In academic publishing, a retraction is a mechanism by which a published paper in an academic journal is flagged for being seriously flawed to the extent that their results and conclusions can no longer be relied upon. Retracted articles are not removed from the published literature but marked as retracted. In some cases it may be necessary to remove an article from publication, such as when the article is clearly defamatory, violates personal privacy, is the subject of a court order, or might pose a serious health risk to the general public.
A retraction may be initiated by the editors of a journal, or by the author(s) of the papers (or their institution). Retractions are typically accompanied by a retraction notice written by the editors or authors explaining the reason for the retraction. Such notices may also include a note from the authors with apologies for the previous error and/or expressions of gratitude to persons who disclosed the error to the author. Retractions must not be confused with small corrections in published articles.
There have been numerous examples of retracted scientific publications. Retraction Watch provides updates on new retractions, and discusses general issues in relation to retractions.
A 2011 paper in the Journal of Medical Ethics attempted to quantify retraction rates in PubMed over time to determine if the rate was increasing, even while taking into account the increased number of overall publications occurring each year. The author found that the rate of increase in retractions was greater than the rate of increase in publications. Moreover, the author notes the following:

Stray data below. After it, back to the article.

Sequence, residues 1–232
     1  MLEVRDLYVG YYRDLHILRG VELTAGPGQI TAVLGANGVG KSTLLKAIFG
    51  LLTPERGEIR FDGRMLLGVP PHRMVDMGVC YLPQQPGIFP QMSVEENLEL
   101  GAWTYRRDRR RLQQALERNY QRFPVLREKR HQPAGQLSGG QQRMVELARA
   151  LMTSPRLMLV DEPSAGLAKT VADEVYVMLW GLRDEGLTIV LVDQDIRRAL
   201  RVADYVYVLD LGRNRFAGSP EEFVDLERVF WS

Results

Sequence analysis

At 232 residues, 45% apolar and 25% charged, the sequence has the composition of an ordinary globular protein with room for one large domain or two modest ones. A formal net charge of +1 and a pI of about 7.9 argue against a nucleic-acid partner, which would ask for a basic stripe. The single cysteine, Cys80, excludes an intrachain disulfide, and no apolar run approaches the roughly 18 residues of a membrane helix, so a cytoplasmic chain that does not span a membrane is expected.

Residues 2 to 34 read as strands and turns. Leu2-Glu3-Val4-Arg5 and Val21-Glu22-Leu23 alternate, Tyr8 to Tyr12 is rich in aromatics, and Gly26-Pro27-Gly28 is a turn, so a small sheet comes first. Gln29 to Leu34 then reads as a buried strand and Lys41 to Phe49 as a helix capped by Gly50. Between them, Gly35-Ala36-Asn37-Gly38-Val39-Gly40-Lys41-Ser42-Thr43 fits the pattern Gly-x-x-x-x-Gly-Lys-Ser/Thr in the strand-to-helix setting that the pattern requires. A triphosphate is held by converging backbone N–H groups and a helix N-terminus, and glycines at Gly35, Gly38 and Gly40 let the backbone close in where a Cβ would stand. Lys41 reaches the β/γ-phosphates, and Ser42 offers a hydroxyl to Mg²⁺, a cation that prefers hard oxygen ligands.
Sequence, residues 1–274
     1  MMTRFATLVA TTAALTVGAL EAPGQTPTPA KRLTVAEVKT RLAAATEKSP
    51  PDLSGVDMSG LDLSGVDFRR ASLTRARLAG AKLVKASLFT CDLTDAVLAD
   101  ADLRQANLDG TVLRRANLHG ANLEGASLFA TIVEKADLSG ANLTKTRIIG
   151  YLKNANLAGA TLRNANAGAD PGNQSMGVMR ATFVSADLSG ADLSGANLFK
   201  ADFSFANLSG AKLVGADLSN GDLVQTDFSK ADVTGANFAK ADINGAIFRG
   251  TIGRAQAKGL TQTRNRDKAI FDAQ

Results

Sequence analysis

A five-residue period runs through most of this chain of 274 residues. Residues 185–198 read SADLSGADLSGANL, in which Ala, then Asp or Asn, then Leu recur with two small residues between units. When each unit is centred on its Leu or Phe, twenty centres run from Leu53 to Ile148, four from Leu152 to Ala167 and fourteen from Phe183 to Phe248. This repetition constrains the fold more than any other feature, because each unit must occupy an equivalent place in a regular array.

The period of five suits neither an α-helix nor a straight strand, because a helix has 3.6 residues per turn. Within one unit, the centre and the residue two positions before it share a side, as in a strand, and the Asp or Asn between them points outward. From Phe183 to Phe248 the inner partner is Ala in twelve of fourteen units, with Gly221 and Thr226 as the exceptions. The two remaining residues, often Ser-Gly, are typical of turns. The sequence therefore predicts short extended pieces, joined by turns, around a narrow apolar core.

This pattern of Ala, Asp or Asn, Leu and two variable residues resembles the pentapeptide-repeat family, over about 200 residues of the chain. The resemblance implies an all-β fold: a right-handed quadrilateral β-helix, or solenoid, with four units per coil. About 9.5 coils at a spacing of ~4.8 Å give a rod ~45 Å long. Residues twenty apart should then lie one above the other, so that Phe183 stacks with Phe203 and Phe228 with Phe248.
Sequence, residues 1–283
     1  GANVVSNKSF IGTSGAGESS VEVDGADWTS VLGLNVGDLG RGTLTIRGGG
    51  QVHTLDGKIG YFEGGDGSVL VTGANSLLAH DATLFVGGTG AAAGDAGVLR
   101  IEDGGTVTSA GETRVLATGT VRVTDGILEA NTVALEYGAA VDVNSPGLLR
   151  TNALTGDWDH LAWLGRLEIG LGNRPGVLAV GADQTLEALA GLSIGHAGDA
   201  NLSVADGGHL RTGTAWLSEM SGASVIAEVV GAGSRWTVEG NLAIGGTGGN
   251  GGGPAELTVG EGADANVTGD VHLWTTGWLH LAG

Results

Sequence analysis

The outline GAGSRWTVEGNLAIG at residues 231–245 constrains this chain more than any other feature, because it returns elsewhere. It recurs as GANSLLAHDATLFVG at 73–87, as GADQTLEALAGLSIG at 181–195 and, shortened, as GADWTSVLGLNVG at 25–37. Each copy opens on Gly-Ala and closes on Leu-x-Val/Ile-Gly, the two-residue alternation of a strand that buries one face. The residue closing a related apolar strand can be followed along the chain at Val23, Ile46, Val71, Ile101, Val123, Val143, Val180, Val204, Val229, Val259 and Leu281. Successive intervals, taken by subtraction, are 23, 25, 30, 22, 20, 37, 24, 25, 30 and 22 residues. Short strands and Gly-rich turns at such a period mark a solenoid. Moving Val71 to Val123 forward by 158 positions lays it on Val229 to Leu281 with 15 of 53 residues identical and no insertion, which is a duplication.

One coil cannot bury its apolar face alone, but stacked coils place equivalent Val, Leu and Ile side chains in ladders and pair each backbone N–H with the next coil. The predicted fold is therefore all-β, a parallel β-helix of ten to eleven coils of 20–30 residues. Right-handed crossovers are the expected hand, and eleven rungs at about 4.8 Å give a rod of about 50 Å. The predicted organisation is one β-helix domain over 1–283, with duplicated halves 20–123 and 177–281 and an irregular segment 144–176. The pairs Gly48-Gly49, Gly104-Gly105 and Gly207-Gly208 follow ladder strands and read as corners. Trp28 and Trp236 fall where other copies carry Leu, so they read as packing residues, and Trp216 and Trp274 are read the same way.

"It is particularly striking that the number of papers retracted for fraud increased more than sevenfold in the 6 years between 2004 and 2009. During the same period, the number of papers retracted for a scientific mistake did not even double..." (p. 251).
Although the author suggests that his findings may indeed indicate a recent increase in scientific fraud, he also acknowledges other possibilities. For example, increased rates of fraud in recent years may simply indicate that journals are doing a better job of policing the scientific literature than they have in the past. Furthermore, because retractions occur for a very small percentage of overall publications (fewer than 1 in 1,000 articles), a few scientists who are willing to commit large amounts of fraud can highly impact retraction rates. For example, the author points out that Jan Hendrik Schön fabricated results in 15 retracted papers in the dataset he reviewed, all of which were retracted in 2002 and 2003, "so he alone was responsible for 56% of papers retracted for fraud in 2002—2003" (p 252).
During the COVID-19 pandemic, academia had seen a quick increase in fast-track peer-review articles dealing with SARS-CoV-2 problems. As a result, a number of papers have been retracted made "Retraction Tsunami" due to quality and/or data issues, leading many experts to ponder not just the quality of peer review but also standards of retraction practices.
Retracted studies may continue to be cited. This may happen in cases where scholars are unaware of the retraction, in particular when the retraction occurs long after the original publication.
The retraction has been agreed due to a finding of scientific misconduct within the laboratory where the experiments took place, and was brought to our attention by the scientific community.
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